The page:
CoVaRR-Net Funded Research Results

CoVaRR-Net Funded Research Results2022-08-09T12:55:08-04:00

Nsp1 proteins of human coronaviruses HCoV-OC43 and SARS-CoV2 inhibit stress granule formation

January 27, 2023|Funded Research Results, Pillar 3|

Host cells can detect virus infections and respond by inducing defense programs to suppress viral replication and spread. One of such antiviral mechanisms is the formation of stress granules, which are the concentrated foci of RNA and proteins that can sequester viral and cellular factors needed for viral replication.

Third dose corrects waning immunity to SARS-CoV-2 mRNA vaccines in immunocompromised patients with immune-mediated inflammatory diseases

January 23, 2023|Funded Research Results, Pillar 4|

We previously demonstrated in a JCI insight study that antibody levels and T cell responses in patients with immune-mediated inflammatory diseases (IMIDs) showed a more rapid decrease by 3 months after the 2nd dose of SARS-CoV-2 mRNA vaccine compared to healthy controls, emphasizing that a 3rd dose of vaccine is very important in IMID patients.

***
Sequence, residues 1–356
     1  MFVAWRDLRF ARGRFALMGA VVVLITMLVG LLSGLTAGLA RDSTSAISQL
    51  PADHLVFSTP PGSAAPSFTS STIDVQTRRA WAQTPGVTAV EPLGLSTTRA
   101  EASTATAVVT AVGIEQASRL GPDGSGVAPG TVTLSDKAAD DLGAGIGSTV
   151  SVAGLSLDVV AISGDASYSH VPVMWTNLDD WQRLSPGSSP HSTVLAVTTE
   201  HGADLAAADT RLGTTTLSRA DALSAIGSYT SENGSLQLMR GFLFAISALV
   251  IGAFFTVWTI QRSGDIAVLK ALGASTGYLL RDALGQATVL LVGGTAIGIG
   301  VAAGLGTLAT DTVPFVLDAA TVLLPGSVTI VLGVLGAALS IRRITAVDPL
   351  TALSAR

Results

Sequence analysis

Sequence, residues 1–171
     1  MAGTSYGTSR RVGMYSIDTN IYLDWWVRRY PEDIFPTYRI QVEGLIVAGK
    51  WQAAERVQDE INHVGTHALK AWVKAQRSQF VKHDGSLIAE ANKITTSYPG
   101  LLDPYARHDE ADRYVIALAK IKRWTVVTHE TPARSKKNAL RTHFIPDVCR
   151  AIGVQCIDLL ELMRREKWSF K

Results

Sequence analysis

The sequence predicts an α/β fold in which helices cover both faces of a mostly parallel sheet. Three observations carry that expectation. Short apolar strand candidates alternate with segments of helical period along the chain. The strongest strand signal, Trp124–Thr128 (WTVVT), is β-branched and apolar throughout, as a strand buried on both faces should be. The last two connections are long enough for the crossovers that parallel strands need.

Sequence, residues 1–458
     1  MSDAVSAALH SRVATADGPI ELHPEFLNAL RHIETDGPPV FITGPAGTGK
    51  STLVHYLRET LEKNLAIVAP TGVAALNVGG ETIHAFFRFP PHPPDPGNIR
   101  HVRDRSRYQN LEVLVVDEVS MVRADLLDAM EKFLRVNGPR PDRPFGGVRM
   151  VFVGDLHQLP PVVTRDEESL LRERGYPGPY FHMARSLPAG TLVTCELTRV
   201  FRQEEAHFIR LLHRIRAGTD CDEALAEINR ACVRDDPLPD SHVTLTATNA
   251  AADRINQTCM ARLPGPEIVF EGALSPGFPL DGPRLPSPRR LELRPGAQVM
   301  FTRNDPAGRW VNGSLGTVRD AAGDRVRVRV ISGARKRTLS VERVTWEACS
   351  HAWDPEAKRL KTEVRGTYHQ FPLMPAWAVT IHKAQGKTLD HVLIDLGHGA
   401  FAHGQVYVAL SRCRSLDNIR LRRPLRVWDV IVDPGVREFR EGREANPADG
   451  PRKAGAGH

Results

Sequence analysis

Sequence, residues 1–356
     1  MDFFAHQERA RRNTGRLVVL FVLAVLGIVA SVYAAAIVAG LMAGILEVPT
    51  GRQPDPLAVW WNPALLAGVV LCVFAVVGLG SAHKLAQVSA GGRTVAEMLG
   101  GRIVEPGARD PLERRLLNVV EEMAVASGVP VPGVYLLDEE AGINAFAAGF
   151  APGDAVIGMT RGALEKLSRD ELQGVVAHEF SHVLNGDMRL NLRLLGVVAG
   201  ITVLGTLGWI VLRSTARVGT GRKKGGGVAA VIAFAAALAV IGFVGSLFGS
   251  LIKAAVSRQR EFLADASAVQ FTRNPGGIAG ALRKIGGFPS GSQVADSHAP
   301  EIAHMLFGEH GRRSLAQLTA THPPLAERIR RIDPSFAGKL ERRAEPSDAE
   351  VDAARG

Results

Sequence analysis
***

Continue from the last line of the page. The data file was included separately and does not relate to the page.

No time for complacency: The CoVaRR-Net Biobank is an essential element of laboratory preparedness for infectious disease outbreaks

January 19, 2023|Funded Research Results, CoVaRR-Net Biobank|

In an article recently published in the Journal of the Association of Medical Microbiology and Infectious Disease Canada (JAMMI), the authors describe the importance of the CoVaRR-Net Biobank, whose established infrastructure and governance facilitates rapid and open resource sharing for biomedical researchers in a pandemic.

Discovery of lead natural products for developing pan-SARS-CoV-2 therapeutics

January 9, 2023|Funded Research Results, Pillar 10|

An international team of researchers led by CoVaRR-Net Pillar 10 Lead Dr. François Jean (Professor of Virology, Department of Microbiology and Immunology, University of British Columbia) investigated a catalogue of more than 350 compounds derived from natural sources including plants, fungi, and marine sponges in a bid to identify new antiviral drugs to treat COVID-19 variants such as omicron.

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